We apply ultrafast core-loss EELS to the investigation of the structural dynamics in graphite thin films by recording changes in the carbon K-edge spectrum around 280 eV, which originates from the excitation of a core 1s electron into empty conduction bands of π- and σ-symmetry [6].

The static EELS spectrum of a 50-nm thin graphite film is shown in figure 1A, together with the corresponding transient spectrum at Δt = 20±10 ns after nanosecond laser excitation at 532 nm. The transient spectra result from subtracting the EELS spectrum before excitation from the spectrum after laser excitation at various delay times between the excitation laser pulse and the short electron probing pulse.

The laser excitation causes pronounced changes in the EELS spectrum. In particular the σ* resonance around 293 eV shifts to lower energies, giving rise to a derivative-like feature around the ionization edge, which decays on the time scale of ~1 μs as shown in figure 1C. In principle, such a red-shift is unexpected, because the thermal expansion coefficient for graphite in the basal plane is negative, i.e. a laser-induced increase in temperature gives rise to a contraction of the lattice [7]. Based on a simple orbital picture of sp2 orbitals forming the σ/σ* bands, the latter should therefore cause a blue-shift of the σ* resonance, contrary to what is observed. The explanation for this contradiction lies in the fact that we hitherto neglected the influence of thermal disorder and the extraordinary thermal properties of graphite.

Molecular Dynamics Simulations

In order to take into account the effect of thermal disorder, we performed ab initio molecular dynamics (MD) simulations and used the snapshots from these simulations to calculate the (transient) EELS spectrum and compare it to the experimental spectrum. The results for a simulation performed at 900 K (the temperature of the film after laser excitation) are shown in figure 1B and 2. First, we note in figure 2B that the in-plane carbon-carbon bonds elongate, as evidenced from the slightly asymmetric radial distribution function. This elongation is crucial to explain the observed red-shift of the σ* resonance, as described above. Since core-level spectroscopy is sensitive to the local structure surrounding the absorbing atom, we were able to observe this small bond elongation, despite the overall thermal contraction of the in-plane lattice that is caused by the population of specific phonon modes with negative Grüneisen parameters [8]. Second, we see in figure 2A and C that the radial distribution for distances between the graphite planes significantly broadens and shifts to longer distances. This is directly related to the pronounced dynamic disorder and the large, positive thermal expansion coefficient of graphite perpendicular to the basal planes [7].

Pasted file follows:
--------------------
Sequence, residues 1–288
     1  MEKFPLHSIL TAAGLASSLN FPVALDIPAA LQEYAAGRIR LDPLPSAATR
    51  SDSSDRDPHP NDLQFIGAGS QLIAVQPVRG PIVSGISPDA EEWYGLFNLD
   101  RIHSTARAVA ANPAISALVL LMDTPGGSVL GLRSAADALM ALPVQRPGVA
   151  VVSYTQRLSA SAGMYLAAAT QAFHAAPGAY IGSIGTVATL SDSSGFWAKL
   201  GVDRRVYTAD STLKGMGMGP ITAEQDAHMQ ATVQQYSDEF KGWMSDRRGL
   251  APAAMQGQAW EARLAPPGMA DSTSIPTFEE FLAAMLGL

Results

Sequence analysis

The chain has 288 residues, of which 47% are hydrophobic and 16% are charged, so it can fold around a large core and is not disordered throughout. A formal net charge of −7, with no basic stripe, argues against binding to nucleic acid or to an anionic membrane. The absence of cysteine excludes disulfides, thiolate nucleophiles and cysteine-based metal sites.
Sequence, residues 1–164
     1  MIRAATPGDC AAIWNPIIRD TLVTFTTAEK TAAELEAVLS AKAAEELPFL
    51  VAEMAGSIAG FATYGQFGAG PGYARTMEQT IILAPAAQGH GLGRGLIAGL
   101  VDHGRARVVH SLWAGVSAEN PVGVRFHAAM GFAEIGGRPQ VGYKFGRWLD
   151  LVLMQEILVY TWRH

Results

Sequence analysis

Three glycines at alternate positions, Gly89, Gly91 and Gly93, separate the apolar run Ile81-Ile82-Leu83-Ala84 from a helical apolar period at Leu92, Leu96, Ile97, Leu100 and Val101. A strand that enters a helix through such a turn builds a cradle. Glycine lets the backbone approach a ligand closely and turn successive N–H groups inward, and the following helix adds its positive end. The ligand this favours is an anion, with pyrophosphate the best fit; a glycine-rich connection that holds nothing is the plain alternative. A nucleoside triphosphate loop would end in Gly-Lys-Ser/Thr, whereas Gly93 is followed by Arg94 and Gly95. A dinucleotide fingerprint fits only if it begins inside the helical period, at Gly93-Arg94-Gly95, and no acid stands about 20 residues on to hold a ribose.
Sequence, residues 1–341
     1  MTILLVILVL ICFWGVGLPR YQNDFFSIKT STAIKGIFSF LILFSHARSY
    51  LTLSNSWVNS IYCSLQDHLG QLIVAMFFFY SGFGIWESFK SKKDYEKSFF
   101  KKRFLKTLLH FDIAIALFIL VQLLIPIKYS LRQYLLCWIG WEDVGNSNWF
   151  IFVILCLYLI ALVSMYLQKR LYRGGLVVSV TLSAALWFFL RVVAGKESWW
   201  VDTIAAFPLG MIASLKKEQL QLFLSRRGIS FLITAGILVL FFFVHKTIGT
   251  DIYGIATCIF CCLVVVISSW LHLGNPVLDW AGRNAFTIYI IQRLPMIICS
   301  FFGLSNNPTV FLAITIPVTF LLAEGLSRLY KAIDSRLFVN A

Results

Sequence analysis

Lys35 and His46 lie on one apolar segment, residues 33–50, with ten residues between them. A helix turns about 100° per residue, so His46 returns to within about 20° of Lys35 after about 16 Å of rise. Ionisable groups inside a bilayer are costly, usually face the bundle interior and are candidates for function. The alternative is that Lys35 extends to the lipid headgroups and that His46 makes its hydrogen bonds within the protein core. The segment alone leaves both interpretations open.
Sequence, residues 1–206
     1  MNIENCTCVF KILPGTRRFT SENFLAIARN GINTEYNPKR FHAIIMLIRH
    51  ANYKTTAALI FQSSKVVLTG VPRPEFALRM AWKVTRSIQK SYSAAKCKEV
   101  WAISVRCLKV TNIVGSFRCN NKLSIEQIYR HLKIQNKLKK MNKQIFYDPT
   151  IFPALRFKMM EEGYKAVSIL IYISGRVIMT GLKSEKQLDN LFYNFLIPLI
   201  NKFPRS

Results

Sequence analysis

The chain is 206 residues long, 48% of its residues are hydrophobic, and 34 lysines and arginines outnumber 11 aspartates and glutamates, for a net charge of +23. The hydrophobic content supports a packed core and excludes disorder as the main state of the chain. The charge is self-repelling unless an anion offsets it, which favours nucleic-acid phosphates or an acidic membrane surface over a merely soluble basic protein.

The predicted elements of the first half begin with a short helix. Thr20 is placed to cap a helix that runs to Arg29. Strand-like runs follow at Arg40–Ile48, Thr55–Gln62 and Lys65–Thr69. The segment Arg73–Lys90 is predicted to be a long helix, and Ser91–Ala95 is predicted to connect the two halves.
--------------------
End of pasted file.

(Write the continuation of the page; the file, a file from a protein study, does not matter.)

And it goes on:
Using the results from the MD simulations, we calculated the EELS spectra at room temperature (298 K) to represent the spectrum before laser excitation, and at an elevated temperature of 900 K, corresponding to the temperature at ~20 ns after laser excitation as derived from heat diffusion simulations (fig. 1C). The calculated static and transient EELS spectra, depicted in figure 1B, show good agreement with the experiment. All transient features, in particular, the red-shift of the σ* band, are reproduced by theory. These results emphasize the importance of accurately incorporating dynamic disorder in the interpretation of transient core-loss spectra, particularly in the case of highly anisotropic materials such as graphite.